Heritage crime crackdown follows illegal wreck dive
AN ILLEGAL dive on a protected South Devon wreck site has been highlighted in news of a new crackdown on heritage crime.
English Heritage has brought in a top cop to lead the fight against the growing number of heritage crimes ranging from vandal attacks on historic buildings to damaging illegal excavations by treasure hunters local for historic valuable.
Illegal diving on wreck and illegal metal detector expeditions on protected sites are part of what is believed to be a growing problem.
An English Heritage report revealed that the Salcombe Canon site, just off the coast between Prawle Point and the entrance to Salcombe Harbour, has 'suffered vandalism and damage by rogue divers and unauthorised fishing vessels'.
The site of the 17th Century shipwreck is protected by law.
The report added: "Swift action by the coastguard and the police resulted in the offenders being given a formal warning and they also put an open message of apology in a popular diving magazine."
The South West region has been chose as a pilot area for the crack down because of the large number of sensitive historic sites in the area.
Problems have included the theft of lead from historic roofs and 4x4 drivers using historic areas as race tracks.
Representatives from more than 40 organisations, ranging from the National Trust, the Church of England, Crimestoppers and Ministry of Defence to National Parks, the Woodland Trust and the Historic Houses Association have met to form the Alliance to Reduce Crime against Heritage.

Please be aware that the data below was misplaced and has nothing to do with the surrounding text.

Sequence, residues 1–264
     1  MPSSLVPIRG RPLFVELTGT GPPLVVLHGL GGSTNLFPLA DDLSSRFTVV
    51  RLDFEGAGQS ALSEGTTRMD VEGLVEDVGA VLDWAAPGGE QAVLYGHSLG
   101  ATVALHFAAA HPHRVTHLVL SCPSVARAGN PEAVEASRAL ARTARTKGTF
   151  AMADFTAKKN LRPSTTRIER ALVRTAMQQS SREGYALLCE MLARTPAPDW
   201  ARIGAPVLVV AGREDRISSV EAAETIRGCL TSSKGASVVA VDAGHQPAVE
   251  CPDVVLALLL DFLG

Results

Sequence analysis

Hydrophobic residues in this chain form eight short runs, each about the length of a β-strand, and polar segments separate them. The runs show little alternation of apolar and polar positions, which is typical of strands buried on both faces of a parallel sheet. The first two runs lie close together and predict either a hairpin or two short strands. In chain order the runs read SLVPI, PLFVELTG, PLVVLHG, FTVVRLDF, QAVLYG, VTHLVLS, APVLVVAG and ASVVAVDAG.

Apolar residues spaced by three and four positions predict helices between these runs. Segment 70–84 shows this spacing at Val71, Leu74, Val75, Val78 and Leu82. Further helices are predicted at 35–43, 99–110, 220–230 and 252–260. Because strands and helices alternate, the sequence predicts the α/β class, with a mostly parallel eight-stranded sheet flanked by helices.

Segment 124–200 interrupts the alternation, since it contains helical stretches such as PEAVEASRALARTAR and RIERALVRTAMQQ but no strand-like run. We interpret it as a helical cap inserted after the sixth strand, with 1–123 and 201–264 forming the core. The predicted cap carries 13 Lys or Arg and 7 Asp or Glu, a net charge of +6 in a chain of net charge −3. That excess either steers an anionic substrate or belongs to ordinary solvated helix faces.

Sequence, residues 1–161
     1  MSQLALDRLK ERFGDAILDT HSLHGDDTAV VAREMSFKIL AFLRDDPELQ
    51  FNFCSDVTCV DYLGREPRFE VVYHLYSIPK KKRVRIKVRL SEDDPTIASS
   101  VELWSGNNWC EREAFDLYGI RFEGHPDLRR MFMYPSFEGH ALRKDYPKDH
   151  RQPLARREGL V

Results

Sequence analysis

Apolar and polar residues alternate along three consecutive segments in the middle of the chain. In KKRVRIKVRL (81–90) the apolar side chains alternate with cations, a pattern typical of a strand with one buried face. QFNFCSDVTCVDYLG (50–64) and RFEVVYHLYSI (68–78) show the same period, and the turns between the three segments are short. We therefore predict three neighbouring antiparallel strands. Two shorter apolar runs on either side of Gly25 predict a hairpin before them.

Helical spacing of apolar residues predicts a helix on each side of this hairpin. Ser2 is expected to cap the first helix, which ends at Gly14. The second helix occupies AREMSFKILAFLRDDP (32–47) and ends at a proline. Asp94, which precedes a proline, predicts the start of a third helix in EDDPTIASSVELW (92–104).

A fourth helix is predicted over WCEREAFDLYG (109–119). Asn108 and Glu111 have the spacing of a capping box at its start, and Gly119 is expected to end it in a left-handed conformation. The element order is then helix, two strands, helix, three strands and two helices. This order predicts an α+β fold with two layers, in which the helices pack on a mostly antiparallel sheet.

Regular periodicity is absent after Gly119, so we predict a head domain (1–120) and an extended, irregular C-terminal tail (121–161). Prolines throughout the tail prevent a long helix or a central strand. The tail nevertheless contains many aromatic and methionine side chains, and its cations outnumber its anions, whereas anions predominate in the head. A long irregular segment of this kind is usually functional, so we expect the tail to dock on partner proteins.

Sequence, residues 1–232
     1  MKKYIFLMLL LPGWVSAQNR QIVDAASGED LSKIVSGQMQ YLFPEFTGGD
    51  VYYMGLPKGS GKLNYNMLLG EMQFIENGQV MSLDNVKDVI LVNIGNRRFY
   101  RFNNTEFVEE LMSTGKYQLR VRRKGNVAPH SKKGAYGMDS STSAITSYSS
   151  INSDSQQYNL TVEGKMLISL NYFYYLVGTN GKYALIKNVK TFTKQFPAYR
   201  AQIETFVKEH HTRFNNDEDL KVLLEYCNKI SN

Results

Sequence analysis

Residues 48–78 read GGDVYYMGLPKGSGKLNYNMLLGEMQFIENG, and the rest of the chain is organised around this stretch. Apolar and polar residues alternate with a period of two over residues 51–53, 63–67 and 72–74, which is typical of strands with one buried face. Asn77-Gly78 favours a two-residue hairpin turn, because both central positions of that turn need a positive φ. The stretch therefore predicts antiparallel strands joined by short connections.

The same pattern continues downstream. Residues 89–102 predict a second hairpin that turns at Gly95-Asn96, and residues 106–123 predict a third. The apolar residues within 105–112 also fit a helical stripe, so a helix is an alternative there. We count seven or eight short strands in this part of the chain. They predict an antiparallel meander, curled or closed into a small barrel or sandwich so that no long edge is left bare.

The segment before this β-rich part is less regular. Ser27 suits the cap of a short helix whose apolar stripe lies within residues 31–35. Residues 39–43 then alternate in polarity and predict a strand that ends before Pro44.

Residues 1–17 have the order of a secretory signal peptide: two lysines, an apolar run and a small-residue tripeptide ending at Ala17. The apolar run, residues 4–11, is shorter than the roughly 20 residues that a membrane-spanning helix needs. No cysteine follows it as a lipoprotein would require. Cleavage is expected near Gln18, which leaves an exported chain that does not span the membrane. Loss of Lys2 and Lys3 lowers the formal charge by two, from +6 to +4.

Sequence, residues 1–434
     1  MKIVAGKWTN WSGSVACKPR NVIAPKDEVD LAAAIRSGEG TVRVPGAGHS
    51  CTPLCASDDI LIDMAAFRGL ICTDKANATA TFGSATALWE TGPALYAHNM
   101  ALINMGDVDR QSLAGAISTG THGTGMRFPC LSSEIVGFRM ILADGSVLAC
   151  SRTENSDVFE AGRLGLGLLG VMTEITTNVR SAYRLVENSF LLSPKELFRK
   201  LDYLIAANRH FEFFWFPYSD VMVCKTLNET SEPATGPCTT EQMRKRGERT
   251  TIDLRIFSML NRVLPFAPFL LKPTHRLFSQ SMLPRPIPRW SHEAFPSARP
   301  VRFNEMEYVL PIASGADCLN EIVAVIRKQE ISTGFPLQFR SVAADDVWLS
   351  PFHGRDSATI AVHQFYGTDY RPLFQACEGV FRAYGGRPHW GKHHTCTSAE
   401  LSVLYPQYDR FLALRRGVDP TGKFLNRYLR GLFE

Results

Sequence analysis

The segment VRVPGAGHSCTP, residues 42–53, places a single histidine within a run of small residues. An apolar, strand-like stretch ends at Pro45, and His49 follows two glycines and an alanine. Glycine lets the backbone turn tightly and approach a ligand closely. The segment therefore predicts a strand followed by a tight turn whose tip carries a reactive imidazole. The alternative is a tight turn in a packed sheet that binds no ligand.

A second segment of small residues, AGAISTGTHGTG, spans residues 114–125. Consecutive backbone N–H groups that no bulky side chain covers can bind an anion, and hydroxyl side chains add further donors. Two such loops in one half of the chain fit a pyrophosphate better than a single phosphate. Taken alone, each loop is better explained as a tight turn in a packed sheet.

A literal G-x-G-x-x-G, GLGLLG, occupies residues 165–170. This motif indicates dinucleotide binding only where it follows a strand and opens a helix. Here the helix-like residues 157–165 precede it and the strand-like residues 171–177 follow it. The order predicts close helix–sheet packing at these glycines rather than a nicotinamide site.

Local history societies, amenity groups, neighbourhood watch and residents associations will be encouraged to raise awareness of the risk of criminal damage to historic sites and buildings in their area.
In the next 12 months or so, the heritage crime initiative will focus on the prevention and detection of four broad types of crime – damage caused by things like graffiti and vandalism, unlawful excavations and the theft of items, unlawful alterations of demolition of protected buildings and the architectural theft of things like vintage street signs, pavements and even stone walls.
Chief Inspector Mark Harrison, seconded from Kent Police in March 2010 to act as policing advisor for English Heritage to improve heritage crime prevention and law enforcement in England, said: "Good progress has been made in establishing co-ordinated working relations between the enforcement agencies and setting priorities at a national level, but the most important part of the initiative is the engagement of communities across the country in establishing their own local networks to prevent and tackle heritage crime.
"A real difference will only follow if this galvanises local action."
Andrew Vines, English Heritage regional director for the south west, said: "Heritage crimes rob us of our history. Their effect on our lives is insidious and felt often too late.
"Beautiful buildings are scarred forever, places we treasure and enjoy lose their identity and appeal, evidence about our past is lost and tourism suffers, not to mention the burden on owners to repair and put things right. Society needs to work together to combat these criminal activities."